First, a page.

Monday, May 23, 2011

A little more bad news: so is this

In a previous post on Libya and PHC's* seizure of more and more power to use the military as he sees fit regardless of Congressional authorization (or the lack of it), I made one mistake: He did in fact cite a supposed basis for his authority to act.

Unfortunately for him and for truth, that basis was the War Powers Act. That law, adopted in 1973, does authorize the president to engage in military action without prior Congressional approval - but only in the case of, quoting the Act and with appropriate emphasis, "a national emergency created by attack upon the United States, its territories or possessions, or its armed forces." None of which, it should be easily agreed even by the most sychophantic of Obama sycophants, applied to Libya. The argument was a lie. A flat-out, power-seeking lie.

Even so, it is what he cited. Which should have meant he'd have to live with it. But the Act has another provision: That authorization is only good for 60 days, after which, again quoting the Act and with emphasis added, if Congressional approval has not been obtained, "the President shall terminate any use of United States Armed Forces" involved. The only exception is for an additional 30-day window to allow for safe withdrawal of forces - obviously unnecessary in this case.

That 60-day limit came on went on Friday with no authorization, no request for authorization - and with barely a peep from Congress.

Indeed, as if to show just how powerless Congress has become - or, more exactly, has made itself with its craven political cowardice - in what strikes me as a deliberate slap, either late on Friday or on Saturday, it's not clear to me which, but in either event after the deadline had passed, the White House sent a letter to Congress, endorsing a resolution of support already kicking around the Senate. That is, the O-crowd, having proved they could and would ignore the deadline, allowed as how, sure, they would graciously accept an endorsement:
I wish to express my support[, PHC's letter said,] for the bipartisan resolution drafted by Senators Kerry, McCain, Levin, Feinstein, Graham, and Lieberman, which would confirm that the Congress supports the U.S. mission in Libya....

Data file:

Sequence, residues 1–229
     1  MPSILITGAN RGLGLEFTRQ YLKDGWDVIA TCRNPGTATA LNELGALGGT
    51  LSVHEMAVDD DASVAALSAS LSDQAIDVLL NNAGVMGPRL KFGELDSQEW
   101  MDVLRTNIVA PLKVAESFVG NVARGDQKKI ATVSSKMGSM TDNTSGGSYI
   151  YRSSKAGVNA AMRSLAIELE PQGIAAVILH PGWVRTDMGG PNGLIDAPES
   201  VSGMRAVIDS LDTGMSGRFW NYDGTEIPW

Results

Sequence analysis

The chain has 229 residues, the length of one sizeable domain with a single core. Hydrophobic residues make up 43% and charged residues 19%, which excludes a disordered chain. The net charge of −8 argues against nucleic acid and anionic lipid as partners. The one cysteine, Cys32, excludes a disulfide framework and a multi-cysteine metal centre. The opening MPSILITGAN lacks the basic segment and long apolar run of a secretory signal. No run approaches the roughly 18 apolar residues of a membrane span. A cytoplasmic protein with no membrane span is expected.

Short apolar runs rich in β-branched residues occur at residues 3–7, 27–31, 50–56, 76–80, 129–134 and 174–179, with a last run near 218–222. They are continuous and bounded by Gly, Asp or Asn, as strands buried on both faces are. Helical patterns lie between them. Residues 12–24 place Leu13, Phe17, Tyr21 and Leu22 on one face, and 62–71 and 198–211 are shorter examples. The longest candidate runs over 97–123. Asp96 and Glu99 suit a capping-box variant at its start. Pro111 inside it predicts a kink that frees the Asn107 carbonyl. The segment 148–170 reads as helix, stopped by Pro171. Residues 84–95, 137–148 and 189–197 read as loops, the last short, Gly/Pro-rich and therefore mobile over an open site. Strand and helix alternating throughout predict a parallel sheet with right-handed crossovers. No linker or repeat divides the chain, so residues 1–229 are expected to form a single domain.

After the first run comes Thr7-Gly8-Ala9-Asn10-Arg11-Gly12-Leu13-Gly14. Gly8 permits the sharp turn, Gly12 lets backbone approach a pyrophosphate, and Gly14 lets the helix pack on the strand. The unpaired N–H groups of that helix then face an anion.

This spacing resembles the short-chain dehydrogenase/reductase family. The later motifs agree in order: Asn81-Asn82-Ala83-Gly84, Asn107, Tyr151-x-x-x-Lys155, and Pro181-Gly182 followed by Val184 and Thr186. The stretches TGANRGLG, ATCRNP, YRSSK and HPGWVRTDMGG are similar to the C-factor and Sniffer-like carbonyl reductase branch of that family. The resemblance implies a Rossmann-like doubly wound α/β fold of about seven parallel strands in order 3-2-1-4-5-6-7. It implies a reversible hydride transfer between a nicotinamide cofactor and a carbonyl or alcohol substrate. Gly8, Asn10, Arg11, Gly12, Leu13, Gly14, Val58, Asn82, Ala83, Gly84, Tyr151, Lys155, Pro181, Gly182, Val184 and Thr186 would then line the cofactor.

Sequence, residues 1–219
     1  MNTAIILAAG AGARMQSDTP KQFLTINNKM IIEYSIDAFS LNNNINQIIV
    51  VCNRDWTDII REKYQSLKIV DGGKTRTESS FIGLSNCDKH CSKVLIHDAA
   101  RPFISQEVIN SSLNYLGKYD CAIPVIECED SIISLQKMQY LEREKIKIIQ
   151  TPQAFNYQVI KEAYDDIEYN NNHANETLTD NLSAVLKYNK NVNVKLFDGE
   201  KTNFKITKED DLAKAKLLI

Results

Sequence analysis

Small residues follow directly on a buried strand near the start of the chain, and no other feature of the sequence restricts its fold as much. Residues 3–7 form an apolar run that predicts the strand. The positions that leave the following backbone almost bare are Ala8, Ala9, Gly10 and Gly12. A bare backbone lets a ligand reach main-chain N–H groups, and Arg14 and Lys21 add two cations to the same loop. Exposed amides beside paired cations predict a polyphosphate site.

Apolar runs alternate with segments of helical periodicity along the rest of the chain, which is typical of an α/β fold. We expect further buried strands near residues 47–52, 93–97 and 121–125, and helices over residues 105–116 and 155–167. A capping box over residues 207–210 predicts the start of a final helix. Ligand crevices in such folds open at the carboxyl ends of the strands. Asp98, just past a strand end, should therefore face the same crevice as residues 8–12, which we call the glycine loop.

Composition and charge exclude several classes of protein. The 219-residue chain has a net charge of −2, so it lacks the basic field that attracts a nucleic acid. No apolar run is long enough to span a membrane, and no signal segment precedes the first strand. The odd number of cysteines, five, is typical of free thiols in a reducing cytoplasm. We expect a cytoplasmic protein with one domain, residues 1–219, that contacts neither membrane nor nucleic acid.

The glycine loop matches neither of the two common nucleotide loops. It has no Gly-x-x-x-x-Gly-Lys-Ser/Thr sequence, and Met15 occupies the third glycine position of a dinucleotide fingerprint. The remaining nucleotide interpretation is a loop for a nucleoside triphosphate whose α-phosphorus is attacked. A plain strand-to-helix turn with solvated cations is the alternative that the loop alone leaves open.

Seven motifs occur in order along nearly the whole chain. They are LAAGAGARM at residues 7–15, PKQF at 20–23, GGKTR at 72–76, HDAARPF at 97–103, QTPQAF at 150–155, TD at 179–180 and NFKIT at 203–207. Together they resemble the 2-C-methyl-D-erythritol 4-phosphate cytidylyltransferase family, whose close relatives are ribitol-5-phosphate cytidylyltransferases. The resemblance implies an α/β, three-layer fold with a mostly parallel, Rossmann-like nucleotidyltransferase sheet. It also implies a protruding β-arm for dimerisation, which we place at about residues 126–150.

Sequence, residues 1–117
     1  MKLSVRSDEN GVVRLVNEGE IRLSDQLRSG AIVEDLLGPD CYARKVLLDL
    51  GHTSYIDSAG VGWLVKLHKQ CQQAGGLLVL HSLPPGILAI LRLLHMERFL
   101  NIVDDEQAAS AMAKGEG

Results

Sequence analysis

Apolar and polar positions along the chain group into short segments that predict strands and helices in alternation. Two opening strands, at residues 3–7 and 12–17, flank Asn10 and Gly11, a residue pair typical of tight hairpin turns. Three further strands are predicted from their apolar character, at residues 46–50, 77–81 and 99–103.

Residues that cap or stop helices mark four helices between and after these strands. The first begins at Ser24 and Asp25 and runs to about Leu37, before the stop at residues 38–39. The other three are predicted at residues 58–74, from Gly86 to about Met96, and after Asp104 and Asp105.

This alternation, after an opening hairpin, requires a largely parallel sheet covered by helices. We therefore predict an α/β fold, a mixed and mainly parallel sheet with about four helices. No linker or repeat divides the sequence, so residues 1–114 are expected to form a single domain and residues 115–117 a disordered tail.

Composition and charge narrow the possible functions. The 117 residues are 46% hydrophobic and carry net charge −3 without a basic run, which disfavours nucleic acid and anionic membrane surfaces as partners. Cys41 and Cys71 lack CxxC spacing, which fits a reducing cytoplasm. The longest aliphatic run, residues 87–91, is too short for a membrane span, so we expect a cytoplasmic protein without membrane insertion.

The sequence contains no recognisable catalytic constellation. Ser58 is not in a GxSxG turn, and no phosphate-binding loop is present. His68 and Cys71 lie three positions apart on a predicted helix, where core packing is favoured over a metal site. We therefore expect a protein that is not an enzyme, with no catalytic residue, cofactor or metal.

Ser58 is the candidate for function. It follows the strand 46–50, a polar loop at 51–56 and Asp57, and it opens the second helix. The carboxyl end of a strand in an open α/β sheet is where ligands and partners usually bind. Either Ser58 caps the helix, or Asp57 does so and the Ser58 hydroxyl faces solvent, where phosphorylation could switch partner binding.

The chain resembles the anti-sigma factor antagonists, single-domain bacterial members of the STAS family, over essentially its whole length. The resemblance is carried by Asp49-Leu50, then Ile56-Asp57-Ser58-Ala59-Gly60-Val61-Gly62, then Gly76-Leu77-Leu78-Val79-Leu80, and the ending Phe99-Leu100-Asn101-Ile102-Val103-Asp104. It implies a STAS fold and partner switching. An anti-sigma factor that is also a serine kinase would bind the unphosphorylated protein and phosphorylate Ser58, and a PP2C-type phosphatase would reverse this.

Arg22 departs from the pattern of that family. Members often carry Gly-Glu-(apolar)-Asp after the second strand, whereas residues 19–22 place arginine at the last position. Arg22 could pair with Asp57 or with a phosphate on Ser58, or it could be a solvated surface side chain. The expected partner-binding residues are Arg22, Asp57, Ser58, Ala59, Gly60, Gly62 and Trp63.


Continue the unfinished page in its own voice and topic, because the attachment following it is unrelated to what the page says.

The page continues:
Congressional action in support of the mission would underline the U.S. commitment ...[and]... would demonstrate a unity of purpose among the political branches....
Note and note well: In that carefully-phrased letter no doubt run past a battery of lawyers, there is no hint that such authorization is needed. Only that it would "demonstrate a unity of purpose." It's not even called "authorization," but "engagement, consultation, and support."

True to what Hillary Clinton told a briefing for members of the House back on March 30, the White House intends to simply ignore any attempts by Congress to exercise its Constitutional authority - more exactly and correctly, its Constitutional responsibility. And they are making no secret of it. On the 60th day of the mission,
Pentagon and military officials said the United States’ participation in the Libyan mission was going forward unchanged. That includes the intermittent use of armed Predator drones to fire missiles at Libyan government forces, as happened on Thursday and Friday, they said.
Nor are they making a secret of their contempt for Congressional authority, as
[a]dministration officials offered no theory for why continuing the air war in Libya in the absence of Congressional authorization and beyond the deadline would be lawful.
There is a little bit of Congressional grumbling; on Wednesday, six GOPper senators sent a letter to PHC asking if he intended to comply with the War Powers Act, and Rep. Brad Sherman charged that Obama was trying to "bring democracy to Libya while shredding the Constitution of the United States." The ever-reliable Dennis Kucinich has promised to push for a resolution calling for an end to the mission. However, Sen. Dick Lugar, senior GOPper on the Foreign Relations Committee, has said that any such resolution would die in the Senate. And with Harry Reid in no hurry to address the issue and Carl Levin saying he thinks no authorization is needed in the first place, the chances that the little grumbling will be anything more than a little grumbling are, well, "dim" is too bright a description.

And what of the leadership of the House, so brave, so bold, when it comes to spitting on the poor and defending the honor of the sainted rich?
Michael Steel, spokesman for Speaker John Boehner (R-Ohio), provided the more typical response from congressional leaders regarding Friday’s deadline. Asked if Boehner thinks the White House needs congressional approval to continue U.S. operations in Libya, Steel responded with one sentence.

“The House,” he said, “is not in session this week.”
And so they slink away in their contemptible capitulation, their abhorrent abdication of their duty, as we cross another line into even more centralized authority.

Footnote: The White House also gave another, totally different, rationalization for why this was all on the up-and-up: Presidents have the power, they claimed, to order forces into "limited" military engagements on their own if they decide it is in the national interest.

If anyone is aware of an "I can do it if I think it's a good idea" exception (which sounds suspiciously like "if the president does it, then it's not illegal") in either the War Powers Act or the Constitution, let's hear about it.

Footnote Again
: "The President does not have power under the Constitution to unilaterally authorize a military attack in a situation that does not involve stopping an actual or imminent threat to the nation." - candidate for president Barack Obama, December 20, 2007

*PHC = President Hopey-Changey

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